INTRODUCTION: Staphylococcus aureus is a major cause of skin and deep-sited infections, often associated with the formation of biofilms. Early diagnosis and initiated therapy is essential to prevent disease progression and to reduce complications that can be serious. Imaging techniques are helpful combining anatomical with functional data in order to describe and characterize site, extent and activity of the disease. The purpose of the study was to identify and (68)Ga-label peptides with affinity for S. aureus biofilm and evaluate their potential as bacteria-specific positron emission tomography (PET) imaging agents.
METHODS: Phage-displayed dodecapeptides were selected using an in vitro grown S. aureus biofilm as target. One cyclic (A8) and two linear (A9, A11) dodecapeptides were custom synthesized with 1,4,7,10-tetraazacyclododecane-N,N',N″,N‴-tetraacetic acid (DOTA) conjugated via a lysine linker (K), and for A11 also a glycine-serine-glycine spacer (GSG). The (68)Ga-labeling of A8-K-DOTA, A9-K-DOTA, and A11-GSGK-DOTA were optimized and in vitro bacterial binding was evaluated for (68)Ga-A9-K-DOTA and (68)Ga-A11-GSGK-DOTA. Stability of (68)Ga-A9-K-DOTA was studied in vitro in human serum, while the in vivo plasma stability was analyzed in mice and pigs. Additionally, the whole-body distribution kinetics of (68)Ga-A9-K-DOTA was measured in vivo by PET imaging of pigs and ex vivo in excised mice tissues.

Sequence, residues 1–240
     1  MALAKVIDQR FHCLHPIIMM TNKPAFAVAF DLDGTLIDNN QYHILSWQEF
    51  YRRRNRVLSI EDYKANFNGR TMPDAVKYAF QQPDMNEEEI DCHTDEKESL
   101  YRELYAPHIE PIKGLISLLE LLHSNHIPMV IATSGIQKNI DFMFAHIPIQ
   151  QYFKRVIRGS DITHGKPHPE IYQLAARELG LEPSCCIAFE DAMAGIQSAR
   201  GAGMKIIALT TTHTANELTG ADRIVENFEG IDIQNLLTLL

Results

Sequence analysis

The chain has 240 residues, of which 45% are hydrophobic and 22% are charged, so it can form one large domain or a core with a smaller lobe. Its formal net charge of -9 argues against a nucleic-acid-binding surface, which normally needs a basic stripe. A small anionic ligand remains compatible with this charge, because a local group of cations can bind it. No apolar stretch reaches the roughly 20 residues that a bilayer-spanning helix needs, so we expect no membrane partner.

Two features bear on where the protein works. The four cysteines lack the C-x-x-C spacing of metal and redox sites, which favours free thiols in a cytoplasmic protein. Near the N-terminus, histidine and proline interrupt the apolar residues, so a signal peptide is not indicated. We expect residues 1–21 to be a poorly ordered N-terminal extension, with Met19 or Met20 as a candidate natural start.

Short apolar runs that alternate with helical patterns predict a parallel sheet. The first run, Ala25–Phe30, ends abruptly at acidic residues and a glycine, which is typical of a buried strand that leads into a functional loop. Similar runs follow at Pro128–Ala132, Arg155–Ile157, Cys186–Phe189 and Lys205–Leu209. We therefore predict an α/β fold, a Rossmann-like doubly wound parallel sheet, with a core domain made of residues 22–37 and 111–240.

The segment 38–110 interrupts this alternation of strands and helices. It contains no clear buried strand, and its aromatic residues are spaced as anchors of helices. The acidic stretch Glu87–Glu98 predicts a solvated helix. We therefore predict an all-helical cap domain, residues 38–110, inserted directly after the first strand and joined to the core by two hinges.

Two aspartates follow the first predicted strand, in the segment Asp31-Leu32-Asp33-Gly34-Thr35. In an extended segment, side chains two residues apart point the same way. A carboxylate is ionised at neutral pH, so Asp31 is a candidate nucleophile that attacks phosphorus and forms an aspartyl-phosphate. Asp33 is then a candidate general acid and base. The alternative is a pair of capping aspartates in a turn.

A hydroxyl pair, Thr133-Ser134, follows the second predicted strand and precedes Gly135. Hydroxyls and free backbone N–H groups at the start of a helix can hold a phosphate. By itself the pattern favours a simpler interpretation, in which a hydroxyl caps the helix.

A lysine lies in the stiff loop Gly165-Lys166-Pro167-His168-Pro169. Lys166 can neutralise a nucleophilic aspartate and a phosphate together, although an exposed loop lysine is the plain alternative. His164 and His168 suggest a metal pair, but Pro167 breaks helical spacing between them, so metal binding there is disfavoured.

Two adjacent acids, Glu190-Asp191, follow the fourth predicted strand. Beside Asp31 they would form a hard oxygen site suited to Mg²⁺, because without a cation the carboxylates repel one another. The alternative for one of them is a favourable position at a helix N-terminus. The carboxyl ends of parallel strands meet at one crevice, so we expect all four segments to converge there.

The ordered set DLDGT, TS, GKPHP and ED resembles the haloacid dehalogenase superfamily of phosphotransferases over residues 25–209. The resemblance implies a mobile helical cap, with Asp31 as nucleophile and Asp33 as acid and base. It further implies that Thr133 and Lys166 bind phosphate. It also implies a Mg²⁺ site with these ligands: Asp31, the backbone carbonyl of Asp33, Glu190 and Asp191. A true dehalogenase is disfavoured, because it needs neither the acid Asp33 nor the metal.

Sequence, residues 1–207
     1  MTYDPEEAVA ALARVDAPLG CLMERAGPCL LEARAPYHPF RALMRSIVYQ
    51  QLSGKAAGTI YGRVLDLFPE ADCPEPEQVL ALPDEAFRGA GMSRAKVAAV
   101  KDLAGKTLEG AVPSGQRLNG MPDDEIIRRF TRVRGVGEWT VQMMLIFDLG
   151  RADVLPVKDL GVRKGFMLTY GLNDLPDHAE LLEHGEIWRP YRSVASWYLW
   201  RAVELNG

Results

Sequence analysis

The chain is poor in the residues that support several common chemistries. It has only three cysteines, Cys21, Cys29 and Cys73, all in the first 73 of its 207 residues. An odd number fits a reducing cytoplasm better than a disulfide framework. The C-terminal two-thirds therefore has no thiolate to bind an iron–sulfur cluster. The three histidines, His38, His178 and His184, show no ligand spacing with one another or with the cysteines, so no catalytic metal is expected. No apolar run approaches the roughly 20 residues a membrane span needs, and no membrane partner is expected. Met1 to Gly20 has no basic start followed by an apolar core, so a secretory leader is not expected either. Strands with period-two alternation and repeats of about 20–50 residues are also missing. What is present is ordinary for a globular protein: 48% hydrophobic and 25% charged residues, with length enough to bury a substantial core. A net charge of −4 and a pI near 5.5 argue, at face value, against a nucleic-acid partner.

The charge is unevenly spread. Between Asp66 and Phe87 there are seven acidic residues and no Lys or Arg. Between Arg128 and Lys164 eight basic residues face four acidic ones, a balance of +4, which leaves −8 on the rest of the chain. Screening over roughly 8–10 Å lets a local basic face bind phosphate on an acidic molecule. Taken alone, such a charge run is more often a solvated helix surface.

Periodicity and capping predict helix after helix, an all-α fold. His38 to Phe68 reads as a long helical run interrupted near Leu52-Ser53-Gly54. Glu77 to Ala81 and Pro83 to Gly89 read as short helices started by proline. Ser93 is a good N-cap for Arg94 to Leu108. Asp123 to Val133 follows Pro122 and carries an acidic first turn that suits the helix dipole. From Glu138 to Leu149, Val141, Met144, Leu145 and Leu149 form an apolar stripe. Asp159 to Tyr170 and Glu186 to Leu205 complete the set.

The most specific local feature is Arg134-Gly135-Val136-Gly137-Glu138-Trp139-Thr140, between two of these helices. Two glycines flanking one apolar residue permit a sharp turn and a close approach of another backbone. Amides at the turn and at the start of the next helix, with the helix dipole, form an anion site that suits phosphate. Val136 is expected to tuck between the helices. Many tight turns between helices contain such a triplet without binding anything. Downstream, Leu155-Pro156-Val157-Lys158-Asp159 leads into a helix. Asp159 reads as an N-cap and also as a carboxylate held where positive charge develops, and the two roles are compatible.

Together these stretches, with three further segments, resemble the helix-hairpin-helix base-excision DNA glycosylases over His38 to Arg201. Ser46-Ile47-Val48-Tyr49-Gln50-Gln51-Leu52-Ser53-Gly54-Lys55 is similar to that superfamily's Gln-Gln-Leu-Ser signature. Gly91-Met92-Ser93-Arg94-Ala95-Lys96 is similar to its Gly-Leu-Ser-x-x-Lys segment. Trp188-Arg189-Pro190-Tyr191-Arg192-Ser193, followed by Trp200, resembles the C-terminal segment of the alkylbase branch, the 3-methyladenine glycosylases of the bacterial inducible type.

RESULTS: The (68)Ga-A9-K-DOTA and (68)Ga-A11-GSGK-DOTA remained stable in product formulation, whereas (68)Ga-A8-K-DOTA was unstable. The S. aureus binding of (68)Ga-A11-GSGK-DOTA and (68)Ga-A9-K-DOTA was observed in vitro, though blocking of the binding was not possible by excess of cold peptide. The (68)Ga-A9-K-DOTA was degraded slowly in vitro, while the combined in vivo evaluation in pigs and mice showed a rapid blood clearance and renal excretion of the (68)Ga-A9-K-DOTA.
CONCLUSION: The preliminary in vitro and in vivo studies of the phage-display S. aureus biofilm-selected (68)Ga-A9-K-DOTA showed desirable features for a novel bacteria-specific imaging agent, despite of relative fast blood degradation in vivo.